Winnipeg Police Scare Graffiti WriterSaturday, February 14, 2009
A few days back we had posted a story about a Winnipeg Graffiti Bust that happened back in December 2008. There were 6 adults arrested after a month long police investigation.
Now the accused are facing court dates and one of them was interviewed by the Winnipeg Free Press to tell his story and how he is no longer doing graffiti anymore. He also talks about opening up a consalting business that will provide information to other businesses to help prevent graffiti.
Winnipeg Free Press article:
SINCE first clutching a spray can at age 18, he claims he’s become a pseudo-celebrity in Winnipeg, well-known in the city’s graffiti subculture as a passionate and practised “tagger.”
Now, four years later, the 22-year-old says years of leaving his mark on private and public property has left him exhausted from hassles with police and the justice system.
His troubles are far from done. He still has a jaw-dropping 120 charges of criminal mischief pending — for his alleged role in a graffiti ring that operated in the Osborne Village and Corydon Avenue area last year.
“I can’t even draw right now, I’m so turned off from it,” the baby-faced young man said in an interview Thursday following a routine court appearance. He spoke with a reporter on the condition of anonymity.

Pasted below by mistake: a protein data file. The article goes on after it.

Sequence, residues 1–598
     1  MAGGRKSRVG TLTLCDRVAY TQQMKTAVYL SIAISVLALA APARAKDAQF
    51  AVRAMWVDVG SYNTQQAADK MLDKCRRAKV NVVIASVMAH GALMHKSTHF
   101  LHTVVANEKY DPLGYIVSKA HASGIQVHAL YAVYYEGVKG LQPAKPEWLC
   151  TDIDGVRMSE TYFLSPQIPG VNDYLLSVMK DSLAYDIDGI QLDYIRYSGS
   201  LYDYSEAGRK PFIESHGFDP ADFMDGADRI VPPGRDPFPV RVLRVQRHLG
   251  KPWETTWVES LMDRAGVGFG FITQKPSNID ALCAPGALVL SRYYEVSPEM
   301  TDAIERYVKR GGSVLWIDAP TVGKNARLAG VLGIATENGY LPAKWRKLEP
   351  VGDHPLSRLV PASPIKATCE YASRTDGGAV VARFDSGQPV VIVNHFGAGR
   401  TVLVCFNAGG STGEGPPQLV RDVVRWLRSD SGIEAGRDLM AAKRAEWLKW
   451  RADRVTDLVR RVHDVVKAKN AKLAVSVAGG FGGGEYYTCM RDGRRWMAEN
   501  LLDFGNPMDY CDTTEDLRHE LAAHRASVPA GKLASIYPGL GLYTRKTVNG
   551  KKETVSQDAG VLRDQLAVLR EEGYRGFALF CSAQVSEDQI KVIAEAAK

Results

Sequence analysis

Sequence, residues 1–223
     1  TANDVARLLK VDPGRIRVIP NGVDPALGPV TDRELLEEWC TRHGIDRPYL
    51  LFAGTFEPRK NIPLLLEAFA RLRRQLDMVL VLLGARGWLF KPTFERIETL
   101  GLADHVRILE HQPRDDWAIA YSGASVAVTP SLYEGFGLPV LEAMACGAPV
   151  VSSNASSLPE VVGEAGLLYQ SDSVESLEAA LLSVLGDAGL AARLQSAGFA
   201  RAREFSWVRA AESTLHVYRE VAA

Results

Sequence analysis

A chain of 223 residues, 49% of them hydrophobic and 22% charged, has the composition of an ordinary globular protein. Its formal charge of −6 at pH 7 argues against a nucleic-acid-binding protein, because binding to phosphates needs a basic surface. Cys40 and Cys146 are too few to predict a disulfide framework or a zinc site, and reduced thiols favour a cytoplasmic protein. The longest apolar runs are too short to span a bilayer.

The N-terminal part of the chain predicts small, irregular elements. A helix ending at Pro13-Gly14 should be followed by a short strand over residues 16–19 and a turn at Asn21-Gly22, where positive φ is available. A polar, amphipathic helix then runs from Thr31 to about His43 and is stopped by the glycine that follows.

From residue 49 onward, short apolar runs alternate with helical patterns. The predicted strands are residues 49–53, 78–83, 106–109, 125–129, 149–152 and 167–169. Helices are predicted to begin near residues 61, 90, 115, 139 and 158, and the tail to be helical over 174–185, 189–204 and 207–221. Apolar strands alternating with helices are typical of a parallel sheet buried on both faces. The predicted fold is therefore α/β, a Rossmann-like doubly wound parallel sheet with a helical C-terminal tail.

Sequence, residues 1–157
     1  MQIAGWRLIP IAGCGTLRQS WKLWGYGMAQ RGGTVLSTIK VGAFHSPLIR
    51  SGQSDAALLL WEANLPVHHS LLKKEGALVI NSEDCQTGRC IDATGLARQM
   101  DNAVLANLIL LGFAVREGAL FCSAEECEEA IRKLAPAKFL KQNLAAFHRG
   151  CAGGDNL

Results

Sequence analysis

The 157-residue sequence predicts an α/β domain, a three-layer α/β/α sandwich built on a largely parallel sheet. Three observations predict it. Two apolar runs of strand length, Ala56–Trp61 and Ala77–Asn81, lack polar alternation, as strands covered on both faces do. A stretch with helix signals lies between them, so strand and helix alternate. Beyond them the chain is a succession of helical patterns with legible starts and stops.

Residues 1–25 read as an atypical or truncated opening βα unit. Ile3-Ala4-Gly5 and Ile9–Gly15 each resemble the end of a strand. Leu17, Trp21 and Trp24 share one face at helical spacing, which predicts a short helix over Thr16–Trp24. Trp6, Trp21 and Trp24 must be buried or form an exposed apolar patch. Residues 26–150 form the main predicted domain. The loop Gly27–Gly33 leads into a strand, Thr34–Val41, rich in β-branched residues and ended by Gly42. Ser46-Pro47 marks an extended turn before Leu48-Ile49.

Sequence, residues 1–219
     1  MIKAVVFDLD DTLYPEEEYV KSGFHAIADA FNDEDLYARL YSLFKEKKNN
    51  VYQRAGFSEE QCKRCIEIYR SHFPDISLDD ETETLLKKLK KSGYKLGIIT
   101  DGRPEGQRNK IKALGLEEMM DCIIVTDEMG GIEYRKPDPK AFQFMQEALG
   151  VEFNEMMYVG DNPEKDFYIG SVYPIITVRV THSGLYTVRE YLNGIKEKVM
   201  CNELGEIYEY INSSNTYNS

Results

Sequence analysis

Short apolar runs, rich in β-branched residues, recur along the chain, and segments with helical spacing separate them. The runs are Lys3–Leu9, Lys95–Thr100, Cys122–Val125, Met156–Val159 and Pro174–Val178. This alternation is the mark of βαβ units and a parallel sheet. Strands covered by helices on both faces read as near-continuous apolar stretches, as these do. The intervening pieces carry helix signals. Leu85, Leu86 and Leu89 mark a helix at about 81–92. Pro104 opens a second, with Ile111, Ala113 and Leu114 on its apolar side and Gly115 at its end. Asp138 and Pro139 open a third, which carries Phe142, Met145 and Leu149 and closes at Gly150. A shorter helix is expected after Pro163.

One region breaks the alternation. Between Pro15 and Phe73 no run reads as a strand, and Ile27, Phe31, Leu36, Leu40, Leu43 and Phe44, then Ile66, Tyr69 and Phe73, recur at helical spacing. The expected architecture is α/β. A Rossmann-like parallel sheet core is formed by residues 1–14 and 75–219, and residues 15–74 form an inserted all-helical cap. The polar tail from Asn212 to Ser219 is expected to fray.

Just before Christmas, police arrested six adult suspects after conducting a months-long investigation that involved the use of undercover surveillance and search warrants.
Police believe those arrested were responsible for an estimated $70,000 in damage.
Officers seized and put on display items seized from the suspects’ homes as evidence of their involvement in the sting.
The 22-year-old suspect who talked to the Free Press said he had no idea police were watching him.
They allegedly took his diary containing sketches and writing. It’s sullied any motivation he has to take up tagging again. “They took my life right there.”
Court records show he’s been convicted on 12 similar mischief charges since 2006.
The police bust caused a panic in the city’s graffiti community, the man claims. Other taggers began ripping hard drives from their computers and erasing other telltale signs that they had gone out “bombing” (his word for tagging).
“No one did nothing for more than a month,” he said, adding it’s inevitable that taggers will be back to business in short order.
I told (the police), ‘No, you can freeze it for a little bit, but 90 per cent of them are gonna go back at it,’ ” he said.
However, the man said he’s looking at transforming his considerable know-how of how taggers operate and turn it into a legitimate living.
He and a cousin have been planning a consulting business where they advise business owners about how to keep taggers away.
A key part of the plan is to offer a guaranteed 24-hour cleanup policy to shopkeepers if they get tagged after hiring the duo and taking action on their advice.
“There’s rules in the graffiti community,” he said. “No cars, fences, no small businesses, no churches.”
He also said that he hoped getting the business up and running would persuade whichever judge winds up sentencing him if he’s convicted that he should avoid jail.
Source: Winnipeg Free Press